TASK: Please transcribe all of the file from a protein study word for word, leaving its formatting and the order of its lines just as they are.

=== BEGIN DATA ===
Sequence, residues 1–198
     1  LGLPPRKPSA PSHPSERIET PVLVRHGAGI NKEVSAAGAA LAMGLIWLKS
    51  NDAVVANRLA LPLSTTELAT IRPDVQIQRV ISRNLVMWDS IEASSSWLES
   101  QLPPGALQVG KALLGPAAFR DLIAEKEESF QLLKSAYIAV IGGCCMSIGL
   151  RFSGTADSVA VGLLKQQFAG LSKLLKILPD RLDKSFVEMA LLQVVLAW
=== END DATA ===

Sequence, residues 1–198
     1  LGLPPRKPSA PSHPSERIET PVLVRHGAGI NKEVSAAGAA LAMGLIWLKS
    51  NDAVVANRLA LPLSTTELAT IRPDVQIQRV ISRNLVMWDS IEASSSWLES
   101  QLPPGALQVG KALLGPAAFR DLIAEKEESF QLLKSAYIAV IGGCCMSIGL
   151  RFSGTADSVA VGLLKQQFAG LSKLLKILPD RLDKSFVEMA LLQVVLAW